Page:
Editor's note: This is the third in a series of articles focusing on literacy the Nevada Appeal will run over the next month. The project, Literacy for Life, will call attention to the problem in the area as well as programs aimed at increasing literacy levels.
Ruth Hightow moved to the assisted living center, The Lodge, in Carson City from Maryland four weeks ago to be near her daughter, grandchildren and great-grandchildren.
Although the center's activities keep her busy during the day, she said, she's looking for something to do in the evenings rather than watch television.
So Maureen Farley, from The Lodge, accompanied Hightow on Tuesday to the Carson City Library.
Hightow's daughter and granddaughter had recommended "The Time Traveler's Wife," but all the copies had been checked out.
Instead she had a stack of Nora Roberts novels and was going to ask the librarian to recommend two.
"I don't want to stick only to Danielle Steel," she explained.
Hightow was among several patrons in the library Tuesday morning. Some browsed books, others looked through the audio section and nearly every computer had someone sitting at it.
And that, said Library Director Sara Jones, is not unusual.
"People use this facility in a great way," she said.
She said 400,000 items are checked out annually, averaging about seven books for each of the 55,000 people living in the city.
"We're one of the most-used libraries in the state," she said.
Even such, she would like to see it grow, both physically and in the services it provides.
"The more the information age gets a hold of us, the more these kinds of civic spaces are really important," she said. "It's really important to have a place where everyone is welcome, even more important in this terrible economy."
She is spearheading an effort to build a new 60,000-square-foot library in a central location that would appeal to residents and be a draw for new business.
Anthea Strachan, who brought her two boys Calvin, 1, and James, 3, to check out audio books on Tuesday, likes the idea of a bigger, better library.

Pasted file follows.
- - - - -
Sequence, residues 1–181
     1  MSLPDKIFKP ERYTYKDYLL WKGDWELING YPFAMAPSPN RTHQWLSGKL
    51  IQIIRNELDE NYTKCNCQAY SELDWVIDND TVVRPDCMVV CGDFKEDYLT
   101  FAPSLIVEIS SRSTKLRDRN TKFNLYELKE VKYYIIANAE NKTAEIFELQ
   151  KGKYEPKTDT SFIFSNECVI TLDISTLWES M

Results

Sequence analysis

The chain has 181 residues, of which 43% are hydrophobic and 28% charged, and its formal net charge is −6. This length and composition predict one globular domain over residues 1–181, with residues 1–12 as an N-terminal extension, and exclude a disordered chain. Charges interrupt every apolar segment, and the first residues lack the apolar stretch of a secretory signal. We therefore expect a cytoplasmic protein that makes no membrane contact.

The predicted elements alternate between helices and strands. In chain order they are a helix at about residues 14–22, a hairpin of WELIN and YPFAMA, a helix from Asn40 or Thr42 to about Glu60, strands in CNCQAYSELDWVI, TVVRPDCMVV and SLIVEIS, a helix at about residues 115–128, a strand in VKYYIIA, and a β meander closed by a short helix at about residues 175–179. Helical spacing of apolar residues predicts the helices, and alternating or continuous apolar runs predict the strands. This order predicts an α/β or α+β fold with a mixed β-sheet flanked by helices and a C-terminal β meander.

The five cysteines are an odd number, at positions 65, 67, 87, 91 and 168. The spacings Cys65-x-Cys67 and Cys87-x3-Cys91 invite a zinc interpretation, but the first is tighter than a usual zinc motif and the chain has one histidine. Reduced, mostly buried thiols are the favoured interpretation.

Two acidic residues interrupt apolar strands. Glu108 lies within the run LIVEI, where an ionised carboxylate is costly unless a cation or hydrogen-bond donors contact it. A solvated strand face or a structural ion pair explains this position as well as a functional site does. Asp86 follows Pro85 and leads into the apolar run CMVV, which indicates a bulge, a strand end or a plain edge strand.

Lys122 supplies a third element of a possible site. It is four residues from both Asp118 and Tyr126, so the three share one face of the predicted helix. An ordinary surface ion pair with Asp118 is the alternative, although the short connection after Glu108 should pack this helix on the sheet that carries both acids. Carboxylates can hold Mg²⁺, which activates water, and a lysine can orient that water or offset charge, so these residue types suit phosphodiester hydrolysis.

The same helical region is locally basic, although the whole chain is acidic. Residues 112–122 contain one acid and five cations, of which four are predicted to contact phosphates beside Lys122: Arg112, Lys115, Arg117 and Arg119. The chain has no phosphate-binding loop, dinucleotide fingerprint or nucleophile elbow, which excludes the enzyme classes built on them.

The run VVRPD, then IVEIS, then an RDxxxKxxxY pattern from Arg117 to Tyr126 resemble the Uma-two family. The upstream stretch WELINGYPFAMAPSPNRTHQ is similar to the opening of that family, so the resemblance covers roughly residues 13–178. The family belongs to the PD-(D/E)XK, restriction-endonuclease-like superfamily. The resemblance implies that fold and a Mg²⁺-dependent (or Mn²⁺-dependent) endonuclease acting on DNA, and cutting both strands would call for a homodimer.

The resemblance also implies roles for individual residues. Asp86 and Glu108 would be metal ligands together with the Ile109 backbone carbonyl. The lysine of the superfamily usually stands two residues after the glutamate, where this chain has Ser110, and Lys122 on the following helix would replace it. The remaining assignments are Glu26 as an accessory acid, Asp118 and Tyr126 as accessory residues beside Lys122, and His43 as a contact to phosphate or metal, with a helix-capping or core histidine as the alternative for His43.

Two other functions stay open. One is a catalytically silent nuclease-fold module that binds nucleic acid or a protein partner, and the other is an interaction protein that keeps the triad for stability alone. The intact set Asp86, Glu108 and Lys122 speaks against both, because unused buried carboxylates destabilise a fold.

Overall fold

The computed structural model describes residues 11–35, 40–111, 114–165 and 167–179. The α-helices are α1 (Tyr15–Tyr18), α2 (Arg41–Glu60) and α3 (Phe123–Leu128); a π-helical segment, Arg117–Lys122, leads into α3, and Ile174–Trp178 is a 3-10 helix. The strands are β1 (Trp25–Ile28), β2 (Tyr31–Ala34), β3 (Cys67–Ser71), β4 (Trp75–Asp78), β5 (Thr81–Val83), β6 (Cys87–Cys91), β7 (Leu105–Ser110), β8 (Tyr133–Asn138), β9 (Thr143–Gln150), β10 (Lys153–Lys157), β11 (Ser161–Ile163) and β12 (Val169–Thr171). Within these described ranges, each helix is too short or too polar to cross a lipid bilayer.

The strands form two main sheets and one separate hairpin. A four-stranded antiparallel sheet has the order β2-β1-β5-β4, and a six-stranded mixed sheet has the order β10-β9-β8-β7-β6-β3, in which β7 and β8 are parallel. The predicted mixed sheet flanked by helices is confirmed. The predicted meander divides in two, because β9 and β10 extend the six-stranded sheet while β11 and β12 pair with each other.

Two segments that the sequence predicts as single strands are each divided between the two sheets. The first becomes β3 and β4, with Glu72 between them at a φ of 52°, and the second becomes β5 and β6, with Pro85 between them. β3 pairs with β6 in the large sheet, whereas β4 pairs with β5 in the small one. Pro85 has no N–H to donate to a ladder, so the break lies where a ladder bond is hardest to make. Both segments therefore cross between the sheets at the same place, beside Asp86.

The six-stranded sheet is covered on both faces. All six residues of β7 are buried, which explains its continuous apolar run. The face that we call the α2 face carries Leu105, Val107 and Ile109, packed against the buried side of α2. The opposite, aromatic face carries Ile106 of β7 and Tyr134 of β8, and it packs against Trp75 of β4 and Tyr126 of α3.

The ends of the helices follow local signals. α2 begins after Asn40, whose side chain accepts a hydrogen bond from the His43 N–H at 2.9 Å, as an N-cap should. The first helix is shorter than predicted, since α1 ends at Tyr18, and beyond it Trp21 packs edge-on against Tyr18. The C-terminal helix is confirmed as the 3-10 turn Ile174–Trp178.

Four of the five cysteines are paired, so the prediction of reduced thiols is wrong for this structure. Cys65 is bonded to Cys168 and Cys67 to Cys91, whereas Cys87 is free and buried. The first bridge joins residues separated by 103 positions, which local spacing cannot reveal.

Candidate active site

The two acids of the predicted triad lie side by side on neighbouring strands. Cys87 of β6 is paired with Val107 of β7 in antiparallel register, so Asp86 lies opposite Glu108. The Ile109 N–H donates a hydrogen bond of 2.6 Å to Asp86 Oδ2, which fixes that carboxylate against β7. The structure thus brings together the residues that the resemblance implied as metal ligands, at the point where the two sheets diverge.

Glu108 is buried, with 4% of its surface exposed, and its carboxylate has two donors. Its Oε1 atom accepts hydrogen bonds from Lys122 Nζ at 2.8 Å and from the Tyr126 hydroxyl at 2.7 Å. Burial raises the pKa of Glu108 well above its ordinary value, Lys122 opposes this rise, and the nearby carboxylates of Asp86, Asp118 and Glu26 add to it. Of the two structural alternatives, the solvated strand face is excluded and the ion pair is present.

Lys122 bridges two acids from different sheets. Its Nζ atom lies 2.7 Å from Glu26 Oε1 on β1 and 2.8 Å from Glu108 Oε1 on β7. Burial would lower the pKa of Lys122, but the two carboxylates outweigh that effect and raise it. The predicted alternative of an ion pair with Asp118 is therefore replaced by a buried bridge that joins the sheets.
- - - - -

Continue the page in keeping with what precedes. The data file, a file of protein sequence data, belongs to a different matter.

"That would be great," she said. "I love books and I love reading. I want them to love reading, too."
Tripling its current size, the new building could accommodate Carson City as it grows.
"I'd like to build it to last," Jones said.
The specifics - where, how much it will cost, from where the money will come and when it will be built - have yet to be determined.
The library board may seek a 2010 bond or get funding from city supervisors, among other methods.
But, she said, the sooner it can all be worked out, the better.
"It's a very hungry environment," she said. "If we could build quickly, I think we could do it economically."
Private donations also will be key to securing enough funding. The library's largest fundraiser of the year, Oktoberfest, will be 11 a.m.-
6 p.m. Saturday with a kids park, drinks, food, live music all day and a book sale, complete with presentations from local authors.
But the bigger facility is just part of it, Jones said.
The library is now equipped with state-of-the-art computers, all less than a year old. There are books and magazines available for download, as well as audio books and movies.
She is also organizing a community read. From February to April 2010, the library will encourage book clubs, classrooms and individuals to all read "Three Cups of Tea," together about a teacher in Afghanistan.
It will unite the community as well as educate people about the Muslim world, she said.
The theme of the book fits well her personal philosophy.
"In Carson City or Afghanistan, people want their children to have a good future," she said. "A good education, knowing how to read, is a key part in that."